The 35-100mm isn't out yet but I'm sure one will be added to my kit eventually. 35mm is a little shorter for general use shooting, and I can certainly see getting use out of it as a hiking kit especially when paired with the 12-35mm. I like landscapes too much to be stuck at 35mm for the wide end, so I'd want to pair it with something wider - even if it's just a 14mm pancake in a pocket.

    EDIT: Also, 100mm is probably on the short side for wildlife most places. For perspective, I had the 100-300 at 300mm almost every wildlife shot I took in Alaska and I still had to crop the shots in a lot of cases :biggrin:
     
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  4. jloden

    jloden Mu-43 Hall of Famer

    May 15, 2012
    Hunterdon County, NJ
    Jay
    FWIW, the slow aperture on the telephoto zooms isn't an issue in daylight (e.g. hiking) in my experience but it's worth noting that if you plant to shoot sunrises/sunsets or anything in low light then you'll need a tripod and/or an alternative fast lens to swap in for those uses.
     
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  5. GaryAyala

    GaryAyala Mu-43 Legend

    Jan 2, 2011
    SoCal
    With any very long lens there is a bit of a learning curve to competency. For hiking, this lens would be awesome but not as your sole lens. I've used it in low light with the OM-D IBIS, elevated ISO and the lens simply delivers. The lens so light that it is easily used sans tri or mono pod.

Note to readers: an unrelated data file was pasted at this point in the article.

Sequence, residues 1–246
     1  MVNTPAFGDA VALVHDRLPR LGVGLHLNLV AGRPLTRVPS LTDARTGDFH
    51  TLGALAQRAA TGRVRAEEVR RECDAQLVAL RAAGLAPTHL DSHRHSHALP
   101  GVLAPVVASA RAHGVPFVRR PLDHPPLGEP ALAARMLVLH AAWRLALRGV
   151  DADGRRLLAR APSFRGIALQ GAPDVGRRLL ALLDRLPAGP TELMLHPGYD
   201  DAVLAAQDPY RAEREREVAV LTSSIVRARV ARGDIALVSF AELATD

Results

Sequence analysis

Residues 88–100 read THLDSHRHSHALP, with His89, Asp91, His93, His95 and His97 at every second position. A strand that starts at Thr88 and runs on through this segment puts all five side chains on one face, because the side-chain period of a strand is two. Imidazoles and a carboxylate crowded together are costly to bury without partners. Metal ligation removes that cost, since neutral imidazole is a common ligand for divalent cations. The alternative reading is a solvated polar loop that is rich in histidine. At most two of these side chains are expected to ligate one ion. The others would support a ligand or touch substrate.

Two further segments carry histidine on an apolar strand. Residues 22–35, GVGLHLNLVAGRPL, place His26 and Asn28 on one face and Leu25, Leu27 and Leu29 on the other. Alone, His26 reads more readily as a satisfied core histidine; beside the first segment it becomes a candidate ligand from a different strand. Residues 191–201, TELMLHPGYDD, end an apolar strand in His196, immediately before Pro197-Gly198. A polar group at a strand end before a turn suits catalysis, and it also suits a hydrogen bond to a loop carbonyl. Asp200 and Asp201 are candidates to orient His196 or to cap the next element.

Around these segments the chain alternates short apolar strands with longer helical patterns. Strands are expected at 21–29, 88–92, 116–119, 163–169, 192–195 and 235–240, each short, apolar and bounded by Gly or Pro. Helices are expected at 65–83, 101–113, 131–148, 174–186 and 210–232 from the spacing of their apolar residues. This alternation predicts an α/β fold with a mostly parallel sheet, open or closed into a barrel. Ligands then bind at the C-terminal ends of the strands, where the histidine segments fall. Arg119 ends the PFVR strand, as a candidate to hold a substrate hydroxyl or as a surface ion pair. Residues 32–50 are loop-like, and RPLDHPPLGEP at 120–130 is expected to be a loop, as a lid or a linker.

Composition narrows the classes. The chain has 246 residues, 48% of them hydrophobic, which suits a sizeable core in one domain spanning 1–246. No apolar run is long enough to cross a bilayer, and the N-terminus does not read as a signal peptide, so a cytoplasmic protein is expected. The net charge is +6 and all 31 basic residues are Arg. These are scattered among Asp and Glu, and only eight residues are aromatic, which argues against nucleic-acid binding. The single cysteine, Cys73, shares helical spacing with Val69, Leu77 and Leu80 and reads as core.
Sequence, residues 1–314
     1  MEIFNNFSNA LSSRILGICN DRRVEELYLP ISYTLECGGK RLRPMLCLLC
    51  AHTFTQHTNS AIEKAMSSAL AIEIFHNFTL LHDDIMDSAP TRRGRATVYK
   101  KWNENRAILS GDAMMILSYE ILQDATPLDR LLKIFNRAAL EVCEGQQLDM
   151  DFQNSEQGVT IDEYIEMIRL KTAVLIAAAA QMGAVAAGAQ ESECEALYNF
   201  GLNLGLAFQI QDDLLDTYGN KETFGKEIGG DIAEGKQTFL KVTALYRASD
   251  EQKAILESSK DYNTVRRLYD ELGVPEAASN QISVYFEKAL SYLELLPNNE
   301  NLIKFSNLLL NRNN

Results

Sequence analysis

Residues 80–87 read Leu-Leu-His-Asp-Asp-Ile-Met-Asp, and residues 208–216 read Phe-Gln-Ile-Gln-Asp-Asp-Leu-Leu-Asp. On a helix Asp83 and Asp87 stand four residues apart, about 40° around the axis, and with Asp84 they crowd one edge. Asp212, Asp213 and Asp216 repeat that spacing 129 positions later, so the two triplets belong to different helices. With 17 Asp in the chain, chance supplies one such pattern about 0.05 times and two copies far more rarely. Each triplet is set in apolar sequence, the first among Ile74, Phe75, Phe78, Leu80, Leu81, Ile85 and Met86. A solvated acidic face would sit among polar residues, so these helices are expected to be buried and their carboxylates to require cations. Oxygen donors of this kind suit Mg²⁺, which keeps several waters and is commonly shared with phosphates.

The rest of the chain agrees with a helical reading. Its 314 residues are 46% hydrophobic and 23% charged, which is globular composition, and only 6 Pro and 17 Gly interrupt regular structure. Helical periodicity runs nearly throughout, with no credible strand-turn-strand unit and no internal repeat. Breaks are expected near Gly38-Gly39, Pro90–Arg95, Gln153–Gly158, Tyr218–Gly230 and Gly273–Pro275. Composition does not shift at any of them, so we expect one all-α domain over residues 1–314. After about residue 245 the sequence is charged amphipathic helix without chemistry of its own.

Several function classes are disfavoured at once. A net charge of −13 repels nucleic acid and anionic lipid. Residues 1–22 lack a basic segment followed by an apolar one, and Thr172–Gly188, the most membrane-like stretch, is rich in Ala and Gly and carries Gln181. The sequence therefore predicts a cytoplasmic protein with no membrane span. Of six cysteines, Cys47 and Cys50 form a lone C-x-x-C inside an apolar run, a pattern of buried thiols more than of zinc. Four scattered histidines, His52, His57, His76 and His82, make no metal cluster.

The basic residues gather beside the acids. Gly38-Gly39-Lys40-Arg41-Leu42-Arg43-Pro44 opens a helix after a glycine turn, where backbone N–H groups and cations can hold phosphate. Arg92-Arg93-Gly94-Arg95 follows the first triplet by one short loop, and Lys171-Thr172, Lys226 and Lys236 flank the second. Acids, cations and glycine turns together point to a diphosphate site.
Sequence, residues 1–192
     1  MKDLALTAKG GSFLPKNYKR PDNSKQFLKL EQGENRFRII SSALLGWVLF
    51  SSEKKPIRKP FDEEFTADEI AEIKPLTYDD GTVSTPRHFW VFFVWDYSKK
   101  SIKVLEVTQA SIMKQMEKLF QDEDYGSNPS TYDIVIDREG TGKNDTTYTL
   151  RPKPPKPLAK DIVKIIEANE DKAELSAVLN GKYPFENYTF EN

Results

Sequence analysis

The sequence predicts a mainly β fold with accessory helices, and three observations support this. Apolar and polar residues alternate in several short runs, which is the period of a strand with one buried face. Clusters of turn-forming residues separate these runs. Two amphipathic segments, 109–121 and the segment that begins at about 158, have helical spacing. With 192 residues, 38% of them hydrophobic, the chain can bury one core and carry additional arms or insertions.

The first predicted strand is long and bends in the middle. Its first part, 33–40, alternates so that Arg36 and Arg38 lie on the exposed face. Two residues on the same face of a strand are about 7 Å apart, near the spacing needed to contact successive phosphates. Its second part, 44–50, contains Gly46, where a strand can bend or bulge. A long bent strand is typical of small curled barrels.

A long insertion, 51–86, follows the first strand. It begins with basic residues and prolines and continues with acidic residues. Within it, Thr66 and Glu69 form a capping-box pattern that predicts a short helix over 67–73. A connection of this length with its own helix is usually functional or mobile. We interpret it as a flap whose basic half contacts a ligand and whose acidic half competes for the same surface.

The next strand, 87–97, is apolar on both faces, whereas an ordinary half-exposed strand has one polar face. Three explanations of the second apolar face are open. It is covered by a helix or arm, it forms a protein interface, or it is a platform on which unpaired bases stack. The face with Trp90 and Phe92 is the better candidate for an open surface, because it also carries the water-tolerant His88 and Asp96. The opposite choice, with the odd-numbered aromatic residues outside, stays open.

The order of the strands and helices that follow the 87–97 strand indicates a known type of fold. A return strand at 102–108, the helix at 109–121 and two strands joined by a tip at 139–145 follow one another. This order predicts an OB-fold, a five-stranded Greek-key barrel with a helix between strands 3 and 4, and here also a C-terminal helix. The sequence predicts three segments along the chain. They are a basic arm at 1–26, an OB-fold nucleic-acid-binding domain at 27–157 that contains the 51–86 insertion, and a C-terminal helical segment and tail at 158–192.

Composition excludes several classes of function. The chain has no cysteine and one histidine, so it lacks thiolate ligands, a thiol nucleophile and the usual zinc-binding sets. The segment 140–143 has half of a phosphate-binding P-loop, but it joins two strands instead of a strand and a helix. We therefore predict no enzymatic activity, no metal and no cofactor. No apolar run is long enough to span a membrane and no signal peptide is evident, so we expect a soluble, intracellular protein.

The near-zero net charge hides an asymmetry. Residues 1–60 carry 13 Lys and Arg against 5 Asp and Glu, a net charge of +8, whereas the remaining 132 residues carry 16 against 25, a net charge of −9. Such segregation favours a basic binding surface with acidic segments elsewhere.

GRAA0258-L.
    OM-D @ 228mm, 1/350, f/5.2, ISO 1600

    [​IMG]
    OM-D @ 300mm, 1/125, f/5.6, ISO 1600

    Gary
     
    • Like Like x 1
  6. kevwilfoto

    kevwilfoto Mu-43 Veteran

    294
    Sep 23, 2011
    Colorado
    I have both the 100-300 and the 45-175, and I definitely consider the 45-175 as my go-to telephoto zoom walking around. The 100-300 is much longer and heavier, and 100mm can be a bit long for quickly finding subjects if you're using a camera with a viewfinder.

    I think it depends on your subject. I you expect to shoot wildlife and might have to grap a shot quickly as you come across a bird/grizzly/fox/whatever that might bolt away in a second, then the 100-300 gives you the reach you probably want. Well, almost. I suspect I'd love to shoot an adapted 400/2.8 for grizzlies.
     
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  7. ssgreenley

    ssgreenley Mu-43 Top Veteran

    509
    May 12, 2011